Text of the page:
How To Install And Start Using Sculpin

Published on January 31, 2014
How To Install And Start Using Sculpin

Status: Deprecated

This article covers a version of Ubuntu that is no longer supported. If you are currently operate a server running Ubuntu 12.04, we highly recommend upgrading or migrating to a supported version of Ubuntu:

Reason: Ubuntu 12.04 reached end of life (EOL) on April 28, 2017 and no longer receives security patches or updates. This guide is no longer maintained.

See Instead: This guide might still be useful as a reference, but may not work on other Ubuntu releases. If available, we strongly recommend using a guide written for the version of Ubuntu you are using. You can use the search functionality at the top of the page to find a more recent version.


Sculpin is a PHP based static site generator. It converts Twig or HTML templates together with content written in markdown into an easily deployable static site.

In this tutorial, we will install Sculpin on our VPS running Ubuntu 12.04 and get started using it. We will see how to start a project from scratch, how to generate the static files, and how to use its internal web server to deliver the files to the browser. Additionally, I’ll show you how you can get started with a pre-made blogging site built in Sculpin and add new blog posts to it.


The first thing we need to do is take care of some of the requirements we will need later. So run the following commands to install them. If you already have any of them, you can just remove them from the command.

apt-get update
apt-get install php5-common php5-cli git-core php5-curl

Then we download the Sculpin PHP executable (the .phar file):

curl -O https://download.sculpin.io/sculpin.phar

Next, we need to make it executable:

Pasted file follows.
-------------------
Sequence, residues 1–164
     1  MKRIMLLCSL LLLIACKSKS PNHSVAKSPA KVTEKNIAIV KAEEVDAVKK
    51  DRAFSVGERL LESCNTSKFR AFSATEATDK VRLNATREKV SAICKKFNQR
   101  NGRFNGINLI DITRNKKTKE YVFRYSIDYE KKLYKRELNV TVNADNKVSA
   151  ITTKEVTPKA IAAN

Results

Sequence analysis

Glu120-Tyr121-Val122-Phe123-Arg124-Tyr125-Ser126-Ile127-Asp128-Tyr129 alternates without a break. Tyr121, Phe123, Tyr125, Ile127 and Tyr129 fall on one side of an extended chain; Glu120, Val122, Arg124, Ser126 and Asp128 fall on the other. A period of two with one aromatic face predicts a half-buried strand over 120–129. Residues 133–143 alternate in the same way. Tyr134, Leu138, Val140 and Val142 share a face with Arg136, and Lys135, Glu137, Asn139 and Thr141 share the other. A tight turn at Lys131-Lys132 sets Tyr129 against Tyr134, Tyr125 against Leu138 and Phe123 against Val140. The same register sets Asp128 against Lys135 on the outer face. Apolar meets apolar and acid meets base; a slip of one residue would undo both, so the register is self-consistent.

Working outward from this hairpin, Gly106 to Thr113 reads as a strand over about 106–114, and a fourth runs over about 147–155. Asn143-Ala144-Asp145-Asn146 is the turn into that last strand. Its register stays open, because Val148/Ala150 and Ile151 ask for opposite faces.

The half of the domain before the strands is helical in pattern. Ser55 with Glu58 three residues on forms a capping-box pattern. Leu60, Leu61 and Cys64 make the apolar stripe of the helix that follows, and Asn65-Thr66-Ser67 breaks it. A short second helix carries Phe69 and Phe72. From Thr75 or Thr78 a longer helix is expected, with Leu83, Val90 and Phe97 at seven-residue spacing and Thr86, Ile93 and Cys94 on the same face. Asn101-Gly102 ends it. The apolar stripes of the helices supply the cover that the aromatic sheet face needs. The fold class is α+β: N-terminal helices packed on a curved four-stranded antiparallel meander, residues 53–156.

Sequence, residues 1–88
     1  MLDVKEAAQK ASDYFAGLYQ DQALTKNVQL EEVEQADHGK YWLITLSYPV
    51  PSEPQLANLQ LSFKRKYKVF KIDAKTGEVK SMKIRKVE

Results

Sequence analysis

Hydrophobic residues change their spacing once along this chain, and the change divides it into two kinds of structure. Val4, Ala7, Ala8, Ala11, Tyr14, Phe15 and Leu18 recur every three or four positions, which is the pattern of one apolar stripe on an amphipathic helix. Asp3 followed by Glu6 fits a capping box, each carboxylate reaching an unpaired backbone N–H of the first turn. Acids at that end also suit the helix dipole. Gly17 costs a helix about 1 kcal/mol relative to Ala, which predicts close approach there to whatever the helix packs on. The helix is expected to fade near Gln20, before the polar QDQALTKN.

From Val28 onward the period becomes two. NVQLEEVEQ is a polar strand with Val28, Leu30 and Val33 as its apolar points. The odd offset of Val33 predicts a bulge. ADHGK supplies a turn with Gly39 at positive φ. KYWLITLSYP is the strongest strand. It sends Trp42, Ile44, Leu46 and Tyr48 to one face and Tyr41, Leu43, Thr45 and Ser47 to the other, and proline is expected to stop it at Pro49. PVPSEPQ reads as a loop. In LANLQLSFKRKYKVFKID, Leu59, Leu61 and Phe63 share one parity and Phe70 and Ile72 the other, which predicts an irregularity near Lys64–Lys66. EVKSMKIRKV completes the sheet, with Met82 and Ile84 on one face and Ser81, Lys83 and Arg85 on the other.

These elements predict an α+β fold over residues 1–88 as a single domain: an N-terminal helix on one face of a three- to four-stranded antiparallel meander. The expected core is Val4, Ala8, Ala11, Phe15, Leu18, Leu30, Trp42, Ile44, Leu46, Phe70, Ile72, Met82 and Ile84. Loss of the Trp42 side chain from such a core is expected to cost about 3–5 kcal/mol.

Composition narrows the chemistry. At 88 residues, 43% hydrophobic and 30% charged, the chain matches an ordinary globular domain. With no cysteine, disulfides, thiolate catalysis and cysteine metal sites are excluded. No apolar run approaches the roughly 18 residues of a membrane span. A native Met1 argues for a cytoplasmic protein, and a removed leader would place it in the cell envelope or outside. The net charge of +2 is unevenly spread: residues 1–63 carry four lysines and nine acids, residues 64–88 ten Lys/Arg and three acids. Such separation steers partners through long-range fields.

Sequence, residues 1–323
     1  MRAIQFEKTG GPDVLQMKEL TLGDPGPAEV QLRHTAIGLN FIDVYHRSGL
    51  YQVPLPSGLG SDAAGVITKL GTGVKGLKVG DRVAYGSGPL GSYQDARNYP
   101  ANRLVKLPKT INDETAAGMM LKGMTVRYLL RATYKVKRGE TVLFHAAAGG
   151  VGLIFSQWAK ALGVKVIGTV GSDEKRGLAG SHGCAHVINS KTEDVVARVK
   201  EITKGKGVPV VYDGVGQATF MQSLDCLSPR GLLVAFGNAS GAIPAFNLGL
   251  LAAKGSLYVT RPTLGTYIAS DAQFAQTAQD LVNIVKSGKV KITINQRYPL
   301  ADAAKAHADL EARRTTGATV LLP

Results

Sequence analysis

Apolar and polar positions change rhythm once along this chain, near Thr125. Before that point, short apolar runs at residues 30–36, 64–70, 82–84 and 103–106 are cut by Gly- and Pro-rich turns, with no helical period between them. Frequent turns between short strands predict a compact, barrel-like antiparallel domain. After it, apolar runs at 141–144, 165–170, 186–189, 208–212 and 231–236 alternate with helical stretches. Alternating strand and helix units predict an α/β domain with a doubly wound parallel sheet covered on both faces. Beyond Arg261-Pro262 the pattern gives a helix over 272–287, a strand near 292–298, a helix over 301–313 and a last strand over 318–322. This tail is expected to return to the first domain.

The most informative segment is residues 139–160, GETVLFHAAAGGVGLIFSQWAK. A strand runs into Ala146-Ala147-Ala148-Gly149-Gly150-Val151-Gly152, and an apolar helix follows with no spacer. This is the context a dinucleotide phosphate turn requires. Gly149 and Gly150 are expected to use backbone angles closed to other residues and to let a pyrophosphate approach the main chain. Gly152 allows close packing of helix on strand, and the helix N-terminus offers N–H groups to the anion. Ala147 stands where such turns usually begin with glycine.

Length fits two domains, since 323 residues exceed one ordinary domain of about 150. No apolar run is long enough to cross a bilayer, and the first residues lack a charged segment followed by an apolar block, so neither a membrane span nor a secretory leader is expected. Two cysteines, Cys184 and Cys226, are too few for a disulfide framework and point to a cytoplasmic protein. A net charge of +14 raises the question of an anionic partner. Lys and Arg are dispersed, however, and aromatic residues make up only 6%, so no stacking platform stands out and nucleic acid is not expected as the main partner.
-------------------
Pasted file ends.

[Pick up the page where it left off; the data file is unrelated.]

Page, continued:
chmod +x sculpin.phar

Now in order to run Sculpin from any folder on our virtual server, let’s move it into the /bin folder:

mv sculpin.phar ~/bin/sculpin

If you don’t yet have the /bin folder in your user’s root folder, go ahead and create it before. And finally, let’s add it to the bash. Open the .bashrc file:

nano ~/.bashrc

And paste in the following line:


Then run the following command to source the .bashrc file and make sure your changes stick:

source ~/.bashrc

And that should do it. To test if the command works, run just the sculpin command from any folder (sculpin) and you should get the Sculpin help in the command terminal.

Your first Sculpin site

One thing about Sculpin is that it comes with a built-in webserver capable of serving its pages to the web. To see this in action, let’s create our simple site in our user’s root folder and not the Apache root directory. Let’s start with our first project folder:

mkdir mysite
cd mysite
mkdir source
cd source

Now we have the project folder (mysite/) and another folder inside (source/). The latter is where you will put your site’s content. So let’s create a simple Hello World thing in there. Create an index.md file in the /source folder and paste the following:


# Hello World

The format with which we are writing the Hello World is called markdown and the lines above are for YAML formatting. For more about markdown syntax, check this page. Save the file, exit, go back to the mysite/ folder and run the following command:

sculpin generate --watch --server

This will generate your development site. Watch for current changes in the content in case you make some updates to the files and create a folder to serve the files through a server port. So now you can visit your site at ip-address:8000. You should see Hello World printed on the page in between header tags. To stop the server (as mentioned in the terminal), just run CTRL + C.

You’ll notice that inside the mysite/ folder, you now have another folder called output_dev/ in which the equivalent html files are stored. To generate the production files, add the --env=prod tag to the sculpin generate command: